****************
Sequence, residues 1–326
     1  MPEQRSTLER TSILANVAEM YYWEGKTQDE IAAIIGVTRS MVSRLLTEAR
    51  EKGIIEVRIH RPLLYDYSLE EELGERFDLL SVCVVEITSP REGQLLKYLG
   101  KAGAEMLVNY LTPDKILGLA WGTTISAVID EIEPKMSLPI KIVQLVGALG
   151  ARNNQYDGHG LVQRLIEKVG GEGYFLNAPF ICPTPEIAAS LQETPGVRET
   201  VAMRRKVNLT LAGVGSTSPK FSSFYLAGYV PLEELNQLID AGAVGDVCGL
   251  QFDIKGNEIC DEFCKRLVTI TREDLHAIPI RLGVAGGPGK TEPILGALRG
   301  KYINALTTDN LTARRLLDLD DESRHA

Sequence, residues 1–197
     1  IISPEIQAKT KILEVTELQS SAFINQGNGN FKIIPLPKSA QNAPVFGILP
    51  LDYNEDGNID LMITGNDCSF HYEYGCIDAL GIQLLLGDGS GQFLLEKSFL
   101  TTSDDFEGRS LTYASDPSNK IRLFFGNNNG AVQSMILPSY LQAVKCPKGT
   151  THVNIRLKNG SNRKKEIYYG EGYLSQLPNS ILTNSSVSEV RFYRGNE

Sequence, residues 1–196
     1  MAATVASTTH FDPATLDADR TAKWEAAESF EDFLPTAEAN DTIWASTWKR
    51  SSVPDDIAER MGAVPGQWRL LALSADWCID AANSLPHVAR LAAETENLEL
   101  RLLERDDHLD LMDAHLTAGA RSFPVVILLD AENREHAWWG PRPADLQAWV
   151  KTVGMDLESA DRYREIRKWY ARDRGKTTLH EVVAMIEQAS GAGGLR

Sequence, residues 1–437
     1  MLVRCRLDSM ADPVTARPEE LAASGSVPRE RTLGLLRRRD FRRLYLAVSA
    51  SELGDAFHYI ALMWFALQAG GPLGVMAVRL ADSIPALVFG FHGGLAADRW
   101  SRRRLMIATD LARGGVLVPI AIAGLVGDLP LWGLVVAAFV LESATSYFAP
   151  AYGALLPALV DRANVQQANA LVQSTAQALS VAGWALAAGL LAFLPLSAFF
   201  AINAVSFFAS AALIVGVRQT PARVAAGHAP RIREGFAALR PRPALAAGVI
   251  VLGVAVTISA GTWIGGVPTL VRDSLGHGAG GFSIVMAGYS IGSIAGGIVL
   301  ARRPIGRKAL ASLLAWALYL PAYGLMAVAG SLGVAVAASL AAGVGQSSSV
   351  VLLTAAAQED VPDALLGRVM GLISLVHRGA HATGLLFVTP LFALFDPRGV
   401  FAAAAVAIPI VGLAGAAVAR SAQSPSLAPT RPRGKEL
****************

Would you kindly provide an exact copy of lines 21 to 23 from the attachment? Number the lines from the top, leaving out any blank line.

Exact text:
    51  SELGDAFHYI ALMWFALQAG GPLGVMAVRL ADSIPALVFG FHGGLAADRW
   101  SRRRLMIATD LARGGVLVPI AIAGLVGDLP LWGLVVAAFV LESATSYFAP
   151  AYGALLPALV DRANVQQANA LVQSTAQALS VAGWALAAGL LAFLPLSAFF